It is a fine early autumn evening. It will be dry enough tomorrow for a large fire. view abbreviated excerpt only...

Discussion Questions

1. How would you characterize the sibling relationship between Jane and Cassandra? To what extent does their attachment to one another seem entirely mutual?
2. How does Jane experience her lot as an unmarried woman in her society, and how does the financial uncertainty of her situation propel her to become an author?
3. How does Jane's reliance on Cassandra's editorial feedback change over the course of her writing career, and what does this change reveal about Jane's opinion of her work?
4. How do Cassandra's and Jane's respective disappointments in love affect each of them individually?
5. How does Cassandra understand the tension between Jane and their mother, and to what extent do you agree with her assessment of their strained relationship?
6. How did the details of the publication of Jane's works inform your appreciation of her difficulty in becoming an author?
7. At any point in your reading of Cassandra & Jane, did you question what aspects of the work were historically true, and which were entirely fictional? Which ones?
8. What do the hardships endured by the Austen family reveal to you about everyday life in late eighteenth- and early-nineteenth century England?
9. To what extent do you agree with Cassandra's decision to burn her letters from Jane? Would you have made the same decision, if the choice were yours?
10. What aspects of Jane Austen's character came alive for you in reading Cassandra & Jane, and how did they connect you with her literary works?

Notes From the Author to the Bookclub

Q: How faithful is your rendering of the relationship between Cassandra and Jane Austen to their real-life attachment as siblings?

A: Very faithful indeed in my view. Each was the most important relationship in each other's life. They always shared a room and clearly missed each other greatly when they were separated. As first, the only two girls in a family of boys and later as two maiden aunts in a family where children were plentiful, they occupied a special place for the rest of their relations who often saw them as a couple rather than as two separate people in spite of their very different personalities.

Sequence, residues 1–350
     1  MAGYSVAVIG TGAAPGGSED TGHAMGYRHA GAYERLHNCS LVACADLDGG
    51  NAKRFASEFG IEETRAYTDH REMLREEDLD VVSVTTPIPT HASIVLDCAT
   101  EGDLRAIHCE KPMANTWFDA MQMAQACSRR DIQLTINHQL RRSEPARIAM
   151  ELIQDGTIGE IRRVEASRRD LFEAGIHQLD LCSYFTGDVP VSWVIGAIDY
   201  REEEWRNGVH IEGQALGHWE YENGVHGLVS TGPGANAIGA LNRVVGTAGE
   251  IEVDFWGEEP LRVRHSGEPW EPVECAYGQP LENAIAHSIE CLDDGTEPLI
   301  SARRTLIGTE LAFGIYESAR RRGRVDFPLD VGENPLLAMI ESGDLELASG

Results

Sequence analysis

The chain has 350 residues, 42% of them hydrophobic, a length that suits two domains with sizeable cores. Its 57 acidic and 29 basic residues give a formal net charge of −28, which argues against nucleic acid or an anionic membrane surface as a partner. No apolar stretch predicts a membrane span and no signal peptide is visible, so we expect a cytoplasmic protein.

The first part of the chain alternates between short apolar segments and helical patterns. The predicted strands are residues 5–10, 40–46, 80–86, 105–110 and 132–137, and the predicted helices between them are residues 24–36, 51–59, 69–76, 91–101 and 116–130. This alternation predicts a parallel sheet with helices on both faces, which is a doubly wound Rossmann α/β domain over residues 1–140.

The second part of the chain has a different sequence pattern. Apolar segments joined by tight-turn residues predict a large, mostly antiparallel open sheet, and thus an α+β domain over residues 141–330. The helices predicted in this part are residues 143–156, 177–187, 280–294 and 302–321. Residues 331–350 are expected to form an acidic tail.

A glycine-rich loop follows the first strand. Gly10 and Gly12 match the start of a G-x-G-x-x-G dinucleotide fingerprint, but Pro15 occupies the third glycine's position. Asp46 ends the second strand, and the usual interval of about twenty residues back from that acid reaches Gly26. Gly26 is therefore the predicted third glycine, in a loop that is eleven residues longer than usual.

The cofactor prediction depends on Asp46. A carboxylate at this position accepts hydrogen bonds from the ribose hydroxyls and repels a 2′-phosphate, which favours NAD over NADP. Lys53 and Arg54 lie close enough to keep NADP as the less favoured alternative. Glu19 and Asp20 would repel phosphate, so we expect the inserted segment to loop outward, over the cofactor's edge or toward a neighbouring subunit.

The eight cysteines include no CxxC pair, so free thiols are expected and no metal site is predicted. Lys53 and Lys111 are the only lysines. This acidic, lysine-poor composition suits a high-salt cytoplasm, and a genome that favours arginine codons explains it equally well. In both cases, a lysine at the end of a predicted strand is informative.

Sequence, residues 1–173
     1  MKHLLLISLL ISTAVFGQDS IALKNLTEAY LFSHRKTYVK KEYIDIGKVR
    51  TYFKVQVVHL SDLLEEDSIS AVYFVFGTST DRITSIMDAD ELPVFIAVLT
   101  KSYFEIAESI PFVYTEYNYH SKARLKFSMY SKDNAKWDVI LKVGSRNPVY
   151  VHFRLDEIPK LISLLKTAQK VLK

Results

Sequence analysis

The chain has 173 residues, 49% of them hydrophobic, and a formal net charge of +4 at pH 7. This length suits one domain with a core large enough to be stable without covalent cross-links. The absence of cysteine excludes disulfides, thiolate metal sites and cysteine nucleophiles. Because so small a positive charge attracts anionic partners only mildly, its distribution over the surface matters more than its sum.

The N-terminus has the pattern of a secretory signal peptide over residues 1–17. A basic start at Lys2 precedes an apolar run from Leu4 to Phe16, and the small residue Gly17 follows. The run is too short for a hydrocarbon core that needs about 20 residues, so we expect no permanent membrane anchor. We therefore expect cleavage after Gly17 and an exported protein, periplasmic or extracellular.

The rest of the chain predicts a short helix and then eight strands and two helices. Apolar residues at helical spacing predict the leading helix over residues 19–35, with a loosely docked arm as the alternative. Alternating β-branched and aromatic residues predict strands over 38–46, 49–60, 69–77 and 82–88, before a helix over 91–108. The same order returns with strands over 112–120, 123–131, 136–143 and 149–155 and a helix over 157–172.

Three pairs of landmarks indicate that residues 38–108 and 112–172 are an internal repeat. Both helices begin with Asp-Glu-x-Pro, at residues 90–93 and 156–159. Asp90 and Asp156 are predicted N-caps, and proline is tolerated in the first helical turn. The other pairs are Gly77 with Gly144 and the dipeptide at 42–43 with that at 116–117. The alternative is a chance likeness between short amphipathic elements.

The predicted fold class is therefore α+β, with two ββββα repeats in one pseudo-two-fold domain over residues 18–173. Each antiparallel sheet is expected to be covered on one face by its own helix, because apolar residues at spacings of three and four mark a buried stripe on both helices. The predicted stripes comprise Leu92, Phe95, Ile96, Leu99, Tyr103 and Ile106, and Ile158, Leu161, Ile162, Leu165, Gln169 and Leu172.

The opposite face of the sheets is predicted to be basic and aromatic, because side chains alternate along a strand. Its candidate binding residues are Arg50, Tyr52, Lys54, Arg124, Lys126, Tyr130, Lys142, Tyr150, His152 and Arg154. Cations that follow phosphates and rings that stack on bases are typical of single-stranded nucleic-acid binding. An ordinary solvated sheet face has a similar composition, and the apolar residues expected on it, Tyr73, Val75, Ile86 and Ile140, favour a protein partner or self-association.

Q: How much of Cassandra & Jane is the work of your imagination? For example, were the sisters' love affairs grounded in actual encounters?

A: It is a novel, not a biography so of course some of it is imagined-the content of the 'missing' letters for example. But I believe I have been faithful to known facts in so far as they exist. Cassandra's romance and engagement with Tom Fowle is well documented, as is his subsequent sad death and the fact that Cassandra never sought another suitor. As for Jane we certainly know about her flirtation with Tom LeFroy and its unhappy outcome. We also know that as an old man Tom confessed he had been in love with Jane but realized it was impossible for them to marry because they were both poor and he had a duty to marry well. This theme is so re-current in Jane's work that it was clearly something understood in society at the time and no doubt for Jane had been emphasized by this early experience.

The Bigg-Withers proposal, acceptance and subsequent rejection is also well documented but I have of course imagined Cassandra's part in helping Jane to decide to reject such an advantageous proposal of marriage.